Its a triple ef where the prediver is a cfp. This caused high frequency oscilation. I tried caps accross B C on drivers and larger value base resistors for output transistors. With mosfet outputs the scheme using J200/k1529 worked without a glitch but with BJT I could get it stable. I tried this because I saw amps using darlingtons in this position although sims showed no real improvement. These were real time experiments, BJTs used were sankens 2sa2151/2sc6011.

Another scheme is the use of cascoded driver but not just any cascode, so called Hawksford. This I havent been able to stabilize either but it must be possible as Accuphase use it in their amps since 1990 upto now. This promises improved high frequency distortion which is where the problem really is.
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Old 8th June 2012, 03:11 PM   #45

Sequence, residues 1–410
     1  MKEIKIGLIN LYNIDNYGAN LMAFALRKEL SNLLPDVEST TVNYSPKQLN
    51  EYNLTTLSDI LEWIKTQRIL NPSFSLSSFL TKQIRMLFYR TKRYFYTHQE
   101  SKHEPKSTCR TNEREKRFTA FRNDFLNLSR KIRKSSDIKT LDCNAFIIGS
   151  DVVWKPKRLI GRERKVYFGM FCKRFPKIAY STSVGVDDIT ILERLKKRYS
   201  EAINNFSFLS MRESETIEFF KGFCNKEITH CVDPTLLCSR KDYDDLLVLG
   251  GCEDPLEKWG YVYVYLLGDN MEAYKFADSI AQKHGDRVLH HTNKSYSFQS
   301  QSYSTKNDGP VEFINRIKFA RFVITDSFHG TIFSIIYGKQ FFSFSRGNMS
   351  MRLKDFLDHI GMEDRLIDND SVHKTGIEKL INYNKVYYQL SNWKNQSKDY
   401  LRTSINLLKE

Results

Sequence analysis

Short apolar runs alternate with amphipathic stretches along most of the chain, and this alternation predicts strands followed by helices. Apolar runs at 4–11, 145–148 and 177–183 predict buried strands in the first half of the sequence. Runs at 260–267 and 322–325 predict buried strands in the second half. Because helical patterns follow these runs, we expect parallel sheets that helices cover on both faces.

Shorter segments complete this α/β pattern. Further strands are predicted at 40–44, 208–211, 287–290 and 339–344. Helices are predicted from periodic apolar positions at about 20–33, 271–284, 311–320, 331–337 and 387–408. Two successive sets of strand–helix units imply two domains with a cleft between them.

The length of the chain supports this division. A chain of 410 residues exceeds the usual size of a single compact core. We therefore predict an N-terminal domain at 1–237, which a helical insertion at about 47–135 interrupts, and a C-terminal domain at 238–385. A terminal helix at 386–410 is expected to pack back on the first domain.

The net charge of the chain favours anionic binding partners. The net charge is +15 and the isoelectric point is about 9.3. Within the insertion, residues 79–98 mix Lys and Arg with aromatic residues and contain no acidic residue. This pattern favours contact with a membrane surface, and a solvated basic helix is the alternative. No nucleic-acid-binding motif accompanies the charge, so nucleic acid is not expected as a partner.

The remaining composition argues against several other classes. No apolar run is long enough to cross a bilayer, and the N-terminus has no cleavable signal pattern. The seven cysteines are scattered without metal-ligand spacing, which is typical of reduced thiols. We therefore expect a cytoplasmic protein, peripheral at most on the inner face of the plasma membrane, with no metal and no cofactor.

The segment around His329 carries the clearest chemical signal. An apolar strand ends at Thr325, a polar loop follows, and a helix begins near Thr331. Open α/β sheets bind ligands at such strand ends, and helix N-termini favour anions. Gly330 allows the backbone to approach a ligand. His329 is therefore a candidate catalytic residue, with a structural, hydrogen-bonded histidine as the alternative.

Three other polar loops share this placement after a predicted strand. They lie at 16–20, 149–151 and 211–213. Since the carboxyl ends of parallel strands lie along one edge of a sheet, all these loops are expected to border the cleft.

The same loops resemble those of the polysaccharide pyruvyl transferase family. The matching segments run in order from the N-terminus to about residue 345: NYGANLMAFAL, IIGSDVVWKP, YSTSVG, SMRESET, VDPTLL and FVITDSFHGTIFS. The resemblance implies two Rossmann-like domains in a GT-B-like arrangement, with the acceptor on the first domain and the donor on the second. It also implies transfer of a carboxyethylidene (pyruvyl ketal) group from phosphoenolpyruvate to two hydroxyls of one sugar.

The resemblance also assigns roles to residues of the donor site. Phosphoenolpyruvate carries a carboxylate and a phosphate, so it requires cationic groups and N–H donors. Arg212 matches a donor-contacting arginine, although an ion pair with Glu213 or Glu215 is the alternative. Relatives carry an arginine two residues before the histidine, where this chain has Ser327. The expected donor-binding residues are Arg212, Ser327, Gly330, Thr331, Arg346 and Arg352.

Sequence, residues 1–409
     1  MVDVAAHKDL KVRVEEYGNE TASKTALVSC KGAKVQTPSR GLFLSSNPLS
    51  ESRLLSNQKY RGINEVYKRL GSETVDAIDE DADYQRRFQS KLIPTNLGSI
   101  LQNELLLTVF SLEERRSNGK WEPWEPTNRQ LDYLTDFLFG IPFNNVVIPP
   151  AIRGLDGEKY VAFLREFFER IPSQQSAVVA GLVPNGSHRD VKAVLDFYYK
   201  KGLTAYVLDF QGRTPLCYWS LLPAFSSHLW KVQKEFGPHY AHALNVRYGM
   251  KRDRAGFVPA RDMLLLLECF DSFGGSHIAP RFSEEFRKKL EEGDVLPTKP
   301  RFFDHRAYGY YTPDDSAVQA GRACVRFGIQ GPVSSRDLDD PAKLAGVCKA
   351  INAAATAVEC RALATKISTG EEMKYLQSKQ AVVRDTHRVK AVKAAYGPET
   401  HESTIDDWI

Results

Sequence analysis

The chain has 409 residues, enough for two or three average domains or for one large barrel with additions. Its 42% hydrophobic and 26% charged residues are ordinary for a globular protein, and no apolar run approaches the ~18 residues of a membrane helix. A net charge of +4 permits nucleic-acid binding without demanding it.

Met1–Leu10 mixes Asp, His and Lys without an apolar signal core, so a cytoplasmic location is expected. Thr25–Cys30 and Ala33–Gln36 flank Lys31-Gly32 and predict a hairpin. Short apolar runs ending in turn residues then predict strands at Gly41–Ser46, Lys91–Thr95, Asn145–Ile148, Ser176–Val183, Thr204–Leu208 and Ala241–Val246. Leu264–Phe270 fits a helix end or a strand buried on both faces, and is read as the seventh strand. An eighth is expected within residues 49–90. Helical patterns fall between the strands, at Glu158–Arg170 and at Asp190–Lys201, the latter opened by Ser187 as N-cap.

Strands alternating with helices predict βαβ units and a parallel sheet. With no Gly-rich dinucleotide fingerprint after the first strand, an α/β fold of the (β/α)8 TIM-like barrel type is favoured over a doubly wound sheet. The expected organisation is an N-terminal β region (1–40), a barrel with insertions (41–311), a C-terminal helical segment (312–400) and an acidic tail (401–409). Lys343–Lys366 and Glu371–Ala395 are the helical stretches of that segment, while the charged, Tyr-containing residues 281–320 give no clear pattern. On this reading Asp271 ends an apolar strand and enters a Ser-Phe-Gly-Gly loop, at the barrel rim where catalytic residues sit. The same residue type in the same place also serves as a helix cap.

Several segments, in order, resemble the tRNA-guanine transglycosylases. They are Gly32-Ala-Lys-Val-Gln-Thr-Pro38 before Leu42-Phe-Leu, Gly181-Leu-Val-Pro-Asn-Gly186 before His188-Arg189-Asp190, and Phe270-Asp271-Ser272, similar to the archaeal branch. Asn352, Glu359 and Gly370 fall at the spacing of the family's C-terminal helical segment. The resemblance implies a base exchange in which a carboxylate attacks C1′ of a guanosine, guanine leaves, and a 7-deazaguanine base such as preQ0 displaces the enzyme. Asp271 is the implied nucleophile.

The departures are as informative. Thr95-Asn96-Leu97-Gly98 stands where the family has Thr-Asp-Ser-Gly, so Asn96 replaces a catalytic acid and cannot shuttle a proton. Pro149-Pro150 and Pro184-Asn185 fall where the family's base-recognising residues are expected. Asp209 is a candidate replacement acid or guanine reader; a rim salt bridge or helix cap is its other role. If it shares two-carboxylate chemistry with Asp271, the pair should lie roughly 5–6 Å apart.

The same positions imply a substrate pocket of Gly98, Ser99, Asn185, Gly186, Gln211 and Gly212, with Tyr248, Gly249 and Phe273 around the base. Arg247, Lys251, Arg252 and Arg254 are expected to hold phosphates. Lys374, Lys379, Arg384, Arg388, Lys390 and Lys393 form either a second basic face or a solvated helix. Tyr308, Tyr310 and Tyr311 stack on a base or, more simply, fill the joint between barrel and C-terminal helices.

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I think running high IC for noise optimization and or selecting for Ft maximization are not new. IC designers do it all the time,
Of course they do. But I don't remember that Self or Cordell (or others?) recommend to check the Ft vs Collector current curve and try to run the transistor at the current that maximizes the Ft. Self just more or less routinely uses 3mA. For instance on a 2SC2547 (low noise) the maximum possible Ft can be improved by 270% over the 3mA value if the Ic is optimized.
This has the potential to improve stability or increase feedback.
Perhaps not relevant to simple Miller compensation but more so for input inclusive and similar advanced schemes.
So my heuristic (as Bob Cordell says) is to pick the collector current and then use that as a point to drive the design. It will determine the Re of course, and probably need a cascode on the IPS just to keep dissipation tolerable, for example. And it may even be a little more than optimum for noise, but it should be analysed not just lazily defaulted to some "traditional" value. To be fair to D. Self he does analyse this for noise but not Ft AFAIK.
And I like your term that you run "rich"

Best wishes
David

Last edited by Dave Zan; 8th June 2012 at 03:37 PM.
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Old 8th June 2012, 03:35 PM   #46
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Originally Posted by wahab View Post